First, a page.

It was in a hole he first buried his expertise. Arie first heard the story in the living room, but has never figured out just how his father did it. It could have been with a group of friends. It may have been with Theo. He doesn’t know how Jaap did it, but Arie knows this: Before his hands helped build racing careers, Jaap tore down a truck that built back an island.
The Nazis brought transportation to the island devoid of it, and one day Jaap stole a truck.
A German military truck isn’t as easy to hide as a 19-year old on the run, so Jaap did what he knew best: He stripped the engine, disassembled the truck and buried it. That truck showed the mechanical version of Jaap Luyendyk, hidden from the Germans on the island of Goeree-Overflakkee, Holland.
By May 1945, the Germans surrendered, the rebuild of their destruction underway.
During the retreat, the Nazis took their vehicles with them. All but the one they didn’t know they’d left behind. Jaap dug it up. He reassembled it. He used it to haul goods and tools and workforce.
“There was lots of work to do,” Arie said of his father’s exploits. “He would drive all over. It was one of the few vehicles, if not the only one, on the island. He used it for anything that needed to be done. He never charged anyone.”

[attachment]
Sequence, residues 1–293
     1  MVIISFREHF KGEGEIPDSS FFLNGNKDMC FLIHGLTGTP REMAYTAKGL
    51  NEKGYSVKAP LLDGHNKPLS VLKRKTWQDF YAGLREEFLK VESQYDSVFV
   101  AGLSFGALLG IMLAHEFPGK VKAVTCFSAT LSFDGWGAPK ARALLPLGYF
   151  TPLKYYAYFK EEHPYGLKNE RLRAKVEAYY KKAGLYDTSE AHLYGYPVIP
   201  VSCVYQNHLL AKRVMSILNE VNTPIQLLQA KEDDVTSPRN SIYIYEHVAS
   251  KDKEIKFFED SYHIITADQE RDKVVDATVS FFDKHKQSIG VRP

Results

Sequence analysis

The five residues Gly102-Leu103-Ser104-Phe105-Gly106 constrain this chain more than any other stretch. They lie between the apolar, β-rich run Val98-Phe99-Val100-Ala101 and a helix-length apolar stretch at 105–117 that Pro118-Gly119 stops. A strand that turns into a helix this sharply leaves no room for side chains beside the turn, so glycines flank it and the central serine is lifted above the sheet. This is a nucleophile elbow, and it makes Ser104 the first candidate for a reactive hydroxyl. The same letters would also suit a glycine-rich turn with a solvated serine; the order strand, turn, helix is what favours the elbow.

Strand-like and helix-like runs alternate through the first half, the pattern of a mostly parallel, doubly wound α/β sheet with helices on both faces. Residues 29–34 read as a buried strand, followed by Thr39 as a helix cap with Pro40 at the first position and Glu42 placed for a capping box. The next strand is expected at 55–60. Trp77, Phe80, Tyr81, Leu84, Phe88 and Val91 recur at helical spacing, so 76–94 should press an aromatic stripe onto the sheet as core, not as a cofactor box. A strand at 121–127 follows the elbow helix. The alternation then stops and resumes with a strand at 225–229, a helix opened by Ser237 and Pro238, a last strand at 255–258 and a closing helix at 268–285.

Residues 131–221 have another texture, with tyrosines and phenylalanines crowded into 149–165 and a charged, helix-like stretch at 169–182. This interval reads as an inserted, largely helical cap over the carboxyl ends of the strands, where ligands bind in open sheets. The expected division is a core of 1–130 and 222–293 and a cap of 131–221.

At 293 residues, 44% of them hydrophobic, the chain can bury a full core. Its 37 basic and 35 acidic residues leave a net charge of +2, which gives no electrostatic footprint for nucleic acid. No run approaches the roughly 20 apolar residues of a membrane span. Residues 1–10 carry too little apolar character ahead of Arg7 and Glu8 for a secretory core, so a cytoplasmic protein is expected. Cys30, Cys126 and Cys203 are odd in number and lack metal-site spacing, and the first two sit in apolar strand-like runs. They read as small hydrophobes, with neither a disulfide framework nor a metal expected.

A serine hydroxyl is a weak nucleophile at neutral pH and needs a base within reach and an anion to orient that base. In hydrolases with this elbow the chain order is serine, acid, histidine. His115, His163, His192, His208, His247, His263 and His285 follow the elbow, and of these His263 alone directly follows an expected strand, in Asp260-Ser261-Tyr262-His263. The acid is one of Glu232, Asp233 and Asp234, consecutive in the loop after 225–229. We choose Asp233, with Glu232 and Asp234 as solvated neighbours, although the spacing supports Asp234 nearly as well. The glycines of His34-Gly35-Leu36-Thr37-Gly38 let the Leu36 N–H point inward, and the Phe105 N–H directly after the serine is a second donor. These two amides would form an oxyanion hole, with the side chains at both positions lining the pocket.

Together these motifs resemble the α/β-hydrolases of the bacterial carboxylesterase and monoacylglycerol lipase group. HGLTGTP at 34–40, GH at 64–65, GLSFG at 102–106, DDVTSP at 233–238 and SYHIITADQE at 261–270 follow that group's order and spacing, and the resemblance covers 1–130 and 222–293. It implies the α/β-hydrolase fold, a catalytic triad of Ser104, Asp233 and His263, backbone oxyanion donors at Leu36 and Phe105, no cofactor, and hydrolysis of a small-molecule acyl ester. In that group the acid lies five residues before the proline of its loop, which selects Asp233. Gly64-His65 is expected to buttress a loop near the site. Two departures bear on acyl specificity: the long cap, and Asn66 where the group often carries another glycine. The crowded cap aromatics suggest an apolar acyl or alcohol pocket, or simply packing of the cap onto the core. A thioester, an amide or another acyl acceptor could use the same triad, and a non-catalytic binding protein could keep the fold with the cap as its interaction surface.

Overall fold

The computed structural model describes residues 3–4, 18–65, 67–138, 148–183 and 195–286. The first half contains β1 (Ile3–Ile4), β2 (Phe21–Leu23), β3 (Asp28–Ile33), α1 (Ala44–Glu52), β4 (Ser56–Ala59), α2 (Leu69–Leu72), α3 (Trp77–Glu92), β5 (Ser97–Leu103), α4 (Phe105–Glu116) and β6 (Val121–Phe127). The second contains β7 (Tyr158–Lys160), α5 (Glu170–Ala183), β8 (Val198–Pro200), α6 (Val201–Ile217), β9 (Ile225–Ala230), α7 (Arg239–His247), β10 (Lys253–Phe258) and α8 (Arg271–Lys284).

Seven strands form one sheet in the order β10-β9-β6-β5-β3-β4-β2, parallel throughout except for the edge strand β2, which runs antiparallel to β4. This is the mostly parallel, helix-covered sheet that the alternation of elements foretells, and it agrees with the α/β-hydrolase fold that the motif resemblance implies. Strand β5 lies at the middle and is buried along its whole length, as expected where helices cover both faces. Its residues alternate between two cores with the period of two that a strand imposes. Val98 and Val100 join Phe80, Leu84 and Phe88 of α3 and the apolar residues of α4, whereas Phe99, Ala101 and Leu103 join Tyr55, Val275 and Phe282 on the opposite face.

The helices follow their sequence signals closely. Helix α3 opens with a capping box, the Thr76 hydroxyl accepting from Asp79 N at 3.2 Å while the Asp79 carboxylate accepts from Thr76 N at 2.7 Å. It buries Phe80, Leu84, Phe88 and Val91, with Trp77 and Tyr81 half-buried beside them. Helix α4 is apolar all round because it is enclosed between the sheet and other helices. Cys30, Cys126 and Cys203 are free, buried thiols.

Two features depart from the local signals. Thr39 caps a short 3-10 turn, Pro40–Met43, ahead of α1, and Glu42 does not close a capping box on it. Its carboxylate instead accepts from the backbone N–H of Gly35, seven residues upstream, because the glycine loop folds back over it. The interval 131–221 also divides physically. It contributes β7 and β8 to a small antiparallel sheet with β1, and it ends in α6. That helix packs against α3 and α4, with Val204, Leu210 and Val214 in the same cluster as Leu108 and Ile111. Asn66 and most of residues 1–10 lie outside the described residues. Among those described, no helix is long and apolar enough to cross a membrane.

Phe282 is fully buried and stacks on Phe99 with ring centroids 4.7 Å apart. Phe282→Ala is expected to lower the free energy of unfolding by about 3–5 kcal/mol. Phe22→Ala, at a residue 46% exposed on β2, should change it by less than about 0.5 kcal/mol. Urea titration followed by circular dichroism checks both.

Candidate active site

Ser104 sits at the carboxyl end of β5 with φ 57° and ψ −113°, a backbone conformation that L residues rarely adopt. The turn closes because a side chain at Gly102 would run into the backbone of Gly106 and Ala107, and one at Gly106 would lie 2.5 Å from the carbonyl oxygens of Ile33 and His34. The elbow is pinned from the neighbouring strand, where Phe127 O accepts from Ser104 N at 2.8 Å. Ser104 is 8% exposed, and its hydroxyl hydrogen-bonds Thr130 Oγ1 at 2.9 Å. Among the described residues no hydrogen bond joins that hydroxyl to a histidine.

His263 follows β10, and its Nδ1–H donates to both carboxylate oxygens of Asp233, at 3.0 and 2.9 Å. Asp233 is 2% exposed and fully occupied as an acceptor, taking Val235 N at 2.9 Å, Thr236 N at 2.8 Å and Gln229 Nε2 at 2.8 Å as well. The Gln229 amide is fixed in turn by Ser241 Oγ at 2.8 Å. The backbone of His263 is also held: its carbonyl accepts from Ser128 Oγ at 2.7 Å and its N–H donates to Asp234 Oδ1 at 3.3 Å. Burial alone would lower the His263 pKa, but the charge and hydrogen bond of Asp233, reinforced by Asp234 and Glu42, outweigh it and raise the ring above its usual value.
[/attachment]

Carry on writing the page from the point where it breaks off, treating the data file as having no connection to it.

Eventually, Jaap turned that mindset to the racing world. He won races in South Africa. By 1965, he returned to the Netherlands and won a Super Vee Western European Zone championship. Racers knew him as Uncle Jaap, the man willing to offer expertise for anyone in need of a mechanic.
“He was a character,” Arie recalls. “He was so fanatical about racing. We struggled when I was little, but he kept working. I first sat in a race car at 18, and the first time I saw an Indy car, it was Al Senior’s in 1978. I saw it in the Lola factory and thought ‘I could never get in one of those.'"
It turns out, Arie inherited more than just impulse from his father. When it came to Arie’s racing career, Jaap’s pension for perseverance shone through in his son.
“I looked up to lots of drivers and never looked down to any," the two-time Indy 500 says.
Arie Luyendyk, who currently serves as a race steward for the NTT IndyCar Series, holds the record for the fastest lap turned in Indianapolis Motor Speedway history. He has the fastest four-lap qualifying average in the 103 years of the Indianapolis 500, a mark that has stood for 22 years. His 1990 victory came with the fastest average speed in history, a record that stood for nearly a quarter century.
A brilliant career. A career whose signature moment was watched by the son of a butcher in the living room where he used to tell the story.
About how the eventual father of a 500 champion once stole a truck from the Nazis, helped rebuild an island and eventually inspired an iconic career.
(Veteran broadcaster Jake Query is a member of the Advance Auto Parts INDYCAR Radio Network team and offers his musings regularly on IndyCar.com.)